I am deaf. I am at Starbucks. I want to order coffee. I have to do it on paper rather than out loud because I speak so poorly, I don’t like to try. I intend to write it down and show it to the barrista, but I am nervous. I don’t know if I am more nervous because I am not really deaf and I feel guilty or because I am different from the other customers and I will be labeled as disabled. I am not looking forward to placing my order. I order a medium decaf coffee by holding up a notebook with the phrase “Medium Decaf Coffee, Please.” The young man at the counter does a quick transformation from a confident good looking guy to a bumbling embarrassed guy. He says,” yes sir” three or four times. He spends a long time giving change from a five dollar bill for a coffee. Then, he hands me $4.27. (The bill was $1.73) He seems hesitant and confused, and I’m thinking that he’s too worried about hurting my feelings to reconsider if he has the correct change. I shake my head: “no.” He goes thru an explanation (that makes absolutely no sense) of why it is the correct change. Then, he hands it back to me, and I again shake my head: “no.” He then thinks a second, and he gives me $2.27 change, shorting me a dollar, and then as an afterthought he finally corrects it and gives me the right change. He is clearly addled. And I feel bad for causing him anxiety, especially since it is all a drama for the paper. But, I am trying to maintain my position as a deaf man. I am trying not to respond to sound stimuli. There’s no crime in looking though—for a deaf man. In fact, I enjoyed a heightened sense of sight as I drove without radio accompaniment in my car. I am not talking to anybody. And if they are talking to me, I am avoiding their eyes because I am so busy looking at the words coming out of their mouths. Though I am a bit excited by my isolation, I am also of course, just plain lonely to be so apart from others and their community.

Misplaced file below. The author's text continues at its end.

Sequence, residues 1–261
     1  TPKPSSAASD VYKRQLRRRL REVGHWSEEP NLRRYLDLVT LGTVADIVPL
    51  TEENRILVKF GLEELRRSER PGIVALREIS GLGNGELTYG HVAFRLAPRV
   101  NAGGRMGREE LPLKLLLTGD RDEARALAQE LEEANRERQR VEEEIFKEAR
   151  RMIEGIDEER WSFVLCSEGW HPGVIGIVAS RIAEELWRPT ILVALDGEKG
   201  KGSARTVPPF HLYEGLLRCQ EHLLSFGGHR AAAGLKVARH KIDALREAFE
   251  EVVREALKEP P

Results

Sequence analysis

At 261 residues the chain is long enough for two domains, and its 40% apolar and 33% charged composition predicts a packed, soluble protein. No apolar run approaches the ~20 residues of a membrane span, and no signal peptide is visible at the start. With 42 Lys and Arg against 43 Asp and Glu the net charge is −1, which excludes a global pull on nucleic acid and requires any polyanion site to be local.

I notice I have a message on my cell phone, and I am not supposed to answer it, because I am not able to answer it at this time. I answer it anyway thinking it may be someone I love or it may be someone I work with that will give me money. I am so fortunate to be able to communicate by cell phone with such ease when my alter ego that is deaf is unable to do so. In fact, my alter ego can us...
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...fic and up the driveway of the parking lot on the other side of the street. As he makes his way across I think of going to him and asking him out, and how that would infuriate my boyfriend. I think of how confident he is and how skilled and strong. I think of how able he is. And I remember how I was feeling at Starbuck’s knowing that the cashier was trying so hard not to hurt my feelings, because he was apparently certain how sensitive I would be to social discomfort regarding my condition of deafness. I felt offended and hurt and disappointed that the cashier did not recognize my talents. I’m deaf but I’m still an astrologer, numerologer, massage therapist, meditation instructor, teacher, and businessman. I am a well rounded person with an added dimension due to my lack of hearing. I have perspectives that come to me entirely from my deafness that no one but a deaf person can access. Will he recognize my strengths? Will he recognize my completeness, my wholeness, the synthesis of all my individual parts? Right now he doesn’t. These are the things I thought of as I watched that attractive man make his way across the street, while I wished that I was trotting along beside him.
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